Lots of technical things are too hard for Joe Stalker or Joe Average. But those who are a bit more clever like to let others know how clever they are and put scripts and apps up on the 'net for others to use. You think Script Kiddies write their own, original scripts from scratch?
Yeah, only NO on your first point. You are overstating the difficulty, and also neglecting that the first creeper can sell stalking-as-a-service (The uncooler SaaS) to all of the less technically inclined ones. Just hang out on the chans to watch these dynamics in action. Also, don't assume lots of black hats couldn't/didn't find this because they didn't report it or get caught exploiting it.
Firms need to be really careful with peoples personal data, and it's very dangerous to look at these issue from the point of view of a single bad actor. Leaks like this have also lead to target killings by state level actors. Your second point is stronger, but just makes a better case for not releasing location information.
If you have to include location/distance your categories are probably better, especially if fuzz in a decent amount of overlap between them so it's hard to pin down the exact cutoff points. I'd also suggest that the servers only answer that question once. That is to say, don't send a different value every time they check the same profile so they can't easily drive round collecting data points. If they were within driving distance let them stay that way. Also some user choice wouldn't hurt, so that the "close by" option was only available after the other person had chatted with you and enabled it for your profile, and could revoke it if someone went creeper.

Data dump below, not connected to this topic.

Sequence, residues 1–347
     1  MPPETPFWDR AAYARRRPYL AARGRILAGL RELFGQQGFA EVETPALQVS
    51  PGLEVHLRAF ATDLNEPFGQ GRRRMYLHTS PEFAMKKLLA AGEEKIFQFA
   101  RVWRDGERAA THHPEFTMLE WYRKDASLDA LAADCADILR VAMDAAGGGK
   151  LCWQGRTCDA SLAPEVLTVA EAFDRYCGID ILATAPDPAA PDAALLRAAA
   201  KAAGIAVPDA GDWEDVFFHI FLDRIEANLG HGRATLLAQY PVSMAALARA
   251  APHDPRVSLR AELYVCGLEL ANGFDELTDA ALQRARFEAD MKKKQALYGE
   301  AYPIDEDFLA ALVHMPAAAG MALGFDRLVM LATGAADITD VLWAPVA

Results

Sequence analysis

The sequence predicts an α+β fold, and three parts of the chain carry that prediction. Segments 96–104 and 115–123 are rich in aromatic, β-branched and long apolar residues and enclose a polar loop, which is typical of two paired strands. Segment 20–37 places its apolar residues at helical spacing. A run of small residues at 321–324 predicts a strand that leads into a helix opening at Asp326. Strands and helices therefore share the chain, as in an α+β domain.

I don't think I'm overstating the difficulty. It's not because, once one guy has hacked the system he can sell his knowledge, that the system is easy to hack. I might have been able to figure out the Tinder distance hack, if I had any interest in coding on mobile phones, as well as a use for that particular app, but it would certainly have taken me a while. Joe Average is not going to do it.
As for your refinement of the category idea, I like your point. Indeed, there is no need to recalculate once the answer has been given. And good point as well that users should have some sort of control over whether they wish for that data to be available or not.
> only accurate to within a mile – hardly sufficient for stalking
A mile in Hong Kong? Or a mile in Steuben Maine USA?
In the dense part of Steuben we have a house every 0.04 miles (~~25/mile). On the main highway it may be over a mile between houses. And the houses are along the roads, no point beating the woods for a Tinder/Bumble stalkee.
Biting the hand that feeds IT © 1998–2021